Threat Intelligence, Ransomware, Malware, MSSP, MSP, Vulnerability Management

Sophos: 90% of Attacks Involve Data or Credential Theft

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Ransomware operators continue to change tactics in their effort to target small and medium-sized businesses (SMBs). That's one of the big take aways from the 2024 Sophos Threat Report, "Cybercrime on Main Street."

The Sophos report found that between 2022 and 2023 the number of ransomware attacks involving remote encryption increased by 62%. These attacks occur when threat actors use an unmanaged device on organizations’ networks to encrypt files on other systems in the network.

Sophos’ MDR team responded to five cyberattacks involving small businesses (less than 500 employees) during 2023 through an exploit in their remote monitoring and management (RMM) software. RMM is a core component of MSP technology stacks. In 2023, more than 75% of customer incident response cases that Sophos’ X-Ops Incident Response service handled were for small businesses.

One recent example is the LockBit ransomware group exploit against ConnectWise ScreenConnect software.

Stolen Data as Currency Grows

According to the Sophos report, nearly 50% of malware detections for SMBs in 2023 were keyloggers, spyware and stealers — malware that attackers use to steal data and credentials. Threat actors use this stolen information to gain unauthorized remote access, extort victims, deploy ransomware and more, Sophos said.

Sophos also wrote about initial access brokers (IABs). These are cybercriminals who specialize in breaking into computer networks. IABs use the dark web to advertise their ability and services to break into SMB networks or sell ready-access to SMBs they’ve already cracked, Sophos said in the report.

Christopher Budd, director of Sophos X-Ops research, said that the value of data as currency has increased exponentially among cybercriminals. He believes this is particularly true for SMBs. SMBs sometimes use a single password for the whole company to access a SaaS service or software application, and that can be a problem in terms of cybersecurity.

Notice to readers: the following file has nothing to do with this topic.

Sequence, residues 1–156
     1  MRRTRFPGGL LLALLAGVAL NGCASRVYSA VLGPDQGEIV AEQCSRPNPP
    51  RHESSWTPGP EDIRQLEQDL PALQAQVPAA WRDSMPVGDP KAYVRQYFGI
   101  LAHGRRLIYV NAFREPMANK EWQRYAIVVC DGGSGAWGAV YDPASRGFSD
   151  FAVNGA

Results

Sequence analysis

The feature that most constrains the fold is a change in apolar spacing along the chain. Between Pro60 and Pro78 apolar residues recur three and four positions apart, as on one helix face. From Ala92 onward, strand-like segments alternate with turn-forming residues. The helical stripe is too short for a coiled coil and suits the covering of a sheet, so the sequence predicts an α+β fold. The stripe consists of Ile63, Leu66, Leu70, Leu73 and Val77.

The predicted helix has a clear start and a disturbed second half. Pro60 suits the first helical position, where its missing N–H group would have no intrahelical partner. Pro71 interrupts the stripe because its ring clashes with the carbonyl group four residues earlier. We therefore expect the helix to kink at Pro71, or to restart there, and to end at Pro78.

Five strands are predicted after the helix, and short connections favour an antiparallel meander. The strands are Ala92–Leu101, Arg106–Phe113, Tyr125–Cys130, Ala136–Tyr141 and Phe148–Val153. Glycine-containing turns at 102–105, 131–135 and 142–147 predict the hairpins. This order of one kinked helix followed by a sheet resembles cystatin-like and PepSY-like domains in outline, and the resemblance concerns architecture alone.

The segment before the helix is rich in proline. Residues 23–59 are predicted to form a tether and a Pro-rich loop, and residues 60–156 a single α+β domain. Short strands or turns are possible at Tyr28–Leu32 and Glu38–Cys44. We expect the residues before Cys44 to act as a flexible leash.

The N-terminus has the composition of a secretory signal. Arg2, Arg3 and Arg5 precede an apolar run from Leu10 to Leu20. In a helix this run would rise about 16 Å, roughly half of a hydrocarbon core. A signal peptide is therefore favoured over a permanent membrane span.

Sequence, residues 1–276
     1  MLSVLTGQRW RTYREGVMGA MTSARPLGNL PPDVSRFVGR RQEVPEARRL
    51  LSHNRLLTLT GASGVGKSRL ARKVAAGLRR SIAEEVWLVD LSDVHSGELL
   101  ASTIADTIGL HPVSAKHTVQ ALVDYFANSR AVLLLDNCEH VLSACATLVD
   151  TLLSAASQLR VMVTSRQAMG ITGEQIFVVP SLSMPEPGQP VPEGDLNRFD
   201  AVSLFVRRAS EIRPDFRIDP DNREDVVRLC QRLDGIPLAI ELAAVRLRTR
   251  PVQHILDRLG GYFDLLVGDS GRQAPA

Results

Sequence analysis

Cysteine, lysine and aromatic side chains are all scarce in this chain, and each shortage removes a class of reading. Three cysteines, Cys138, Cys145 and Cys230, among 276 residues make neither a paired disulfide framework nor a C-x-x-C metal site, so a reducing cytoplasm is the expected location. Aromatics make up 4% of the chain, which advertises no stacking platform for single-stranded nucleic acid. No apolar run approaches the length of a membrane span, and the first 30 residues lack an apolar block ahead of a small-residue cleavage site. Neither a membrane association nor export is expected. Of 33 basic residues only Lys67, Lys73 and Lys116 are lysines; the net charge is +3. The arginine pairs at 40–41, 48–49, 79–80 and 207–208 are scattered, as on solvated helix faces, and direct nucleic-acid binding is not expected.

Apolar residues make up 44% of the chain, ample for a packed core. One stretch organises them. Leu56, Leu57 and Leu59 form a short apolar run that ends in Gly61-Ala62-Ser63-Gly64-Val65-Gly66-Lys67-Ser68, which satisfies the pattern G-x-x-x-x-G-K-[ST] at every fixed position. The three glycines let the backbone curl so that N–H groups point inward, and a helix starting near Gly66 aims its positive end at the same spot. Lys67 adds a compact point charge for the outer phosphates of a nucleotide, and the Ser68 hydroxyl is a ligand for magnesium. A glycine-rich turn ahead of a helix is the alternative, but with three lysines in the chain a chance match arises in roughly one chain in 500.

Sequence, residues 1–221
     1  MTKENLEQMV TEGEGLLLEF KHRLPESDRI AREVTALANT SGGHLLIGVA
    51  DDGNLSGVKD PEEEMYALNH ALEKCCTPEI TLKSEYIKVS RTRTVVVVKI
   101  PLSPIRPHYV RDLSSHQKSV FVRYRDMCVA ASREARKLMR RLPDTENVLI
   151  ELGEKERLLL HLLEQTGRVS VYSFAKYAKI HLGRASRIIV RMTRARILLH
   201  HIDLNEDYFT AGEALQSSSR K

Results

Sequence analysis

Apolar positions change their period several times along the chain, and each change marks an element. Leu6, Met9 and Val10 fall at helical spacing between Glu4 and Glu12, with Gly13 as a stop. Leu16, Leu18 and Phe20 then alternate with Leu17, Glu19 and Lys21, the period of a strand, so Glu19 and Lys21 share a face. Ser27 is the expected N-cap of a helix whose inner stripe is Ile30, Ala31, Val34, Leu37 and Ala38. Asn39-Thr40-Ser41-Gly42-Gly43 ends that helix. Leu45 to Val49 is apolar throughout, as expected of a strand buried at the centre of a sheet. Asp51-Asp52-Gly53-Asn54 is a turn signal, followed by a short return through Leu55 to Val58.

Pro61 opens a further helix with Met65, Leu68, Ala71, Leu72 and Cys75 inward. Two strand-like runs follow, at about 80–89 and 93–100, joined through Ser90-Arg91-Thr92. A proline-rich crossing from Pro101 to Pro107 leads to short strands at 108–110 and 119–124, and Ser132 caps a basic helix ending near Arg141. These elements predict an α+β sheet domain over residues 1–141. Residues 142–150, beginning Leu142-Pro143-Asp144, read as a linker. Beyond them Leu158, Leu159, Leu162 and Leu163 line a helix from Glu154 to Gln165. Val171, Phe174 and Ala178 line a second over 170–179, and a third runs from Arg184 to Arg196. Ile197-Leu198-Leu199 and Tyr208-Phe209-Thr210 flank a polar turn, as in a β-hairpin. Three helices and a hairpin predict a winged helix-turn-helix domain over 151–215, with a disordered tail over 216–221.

As Budd explained, “For example, let’s say attackers deploy an infostealer on their target’s network to steal credentials and then get hold of the password for the company’s accounting software. Attackers could then gain access to the targeted company’s financials and have the ability to funnel funds into their own accounts."

Data Protection: 90% of Attacks Involve Credential Theft

Data protection is the greatest cybersecurity challenge facing small businesses. Sophos found that more than 90% of attacks reported by their customers involve data or credential theft.

Business email compromise (BEC) whereby a cybercriminal overtakes email accounts for the purpose of fraud or other malicious purposes, is also a substantial problem for SMBs, Sophos said. In 2023, Sophos’ Incident Response team identified BEC attacks more often than any other type of incident, with the exception of ransomware.

Sophos cautions that BEC attacks and other social engineering campaigns contain an increasing level of sophistication. No longer are attackers simply sending an email with a malicious attachment. They’re now more likely to target victims by sending a series of conversational emails back and forth or even calling them.

While the number of ransomware attacks against SMBs has stabilized, it continues to be one of the biggest cyberthreats to SMBs. LockBit was the top ransomware gang wreaking havoc, while Akira and BlackCat were second and third, respectively, Sophos said. SMBs also face attacks by lingering older and lesser-known ransomware, such as BitLocker and Crytox, according to the report.

Increasingly, ransomware and other malware developers are using cross-platform languages to build versions for macOS and Linux operating systems and supported hardware platforms, Sophos noted. A Linux variant of Cl0p ransomware was used in a December 2022 attack. Since then, Sophos has seen leaked versions of LockBit ransomware targeting macOS on Apple’s own processor and Linux on multiple hardware platforms.

The Proliferation of Malware-as-a-Service

Sophos continues to spot Malware-as-a-Servic” (MaaS) activities — cybercriminals’ using malware delivery methods provided through underground marketplaces to other threat actors. The good news is that a combination of improvements in platform security and industry and law enforcement intervention has had some impact on MaaS operators, according to Sophos.

Emotet, after a decade of dominance, has receded since its takedown by Europol and Eurojust in January 2021, Sophos said. Qakbot and Trickbot were hit in August 2023, although Qakbot has returned in some limited form and has been largely succeeded by Pikabot and DarkGate. Remote access trojan AgentTesla has moved to the top of the MaaS market.

The Sophos report asserts that criminal syndicates are counting on smaller companies to be less well-defended and to not have deployed modern, sophisticated tools (the sort that an MSSP or MSP could offer as part of their service delivery) to protect their users and assets.

Jim Masters

Jim Masters is Managing Editor of MSSP Alert, and holds a B.A. degree in Journalism from Northern Illinois University. His career has spanned governmental and investigative reporting for daily newspapers in the Northwest Indiana Region and 16 years in a global internal communications role for a Fortune 500 professional services company. Additionally, he is co-owner of the Lake County Corn Dogs minor league baseball franchise, located in Crown Point, Indiana. In his spare time, he enjoys writing and recording his own music, oil painting, biking, volleyball, golf and cheering on the Corn Dogs.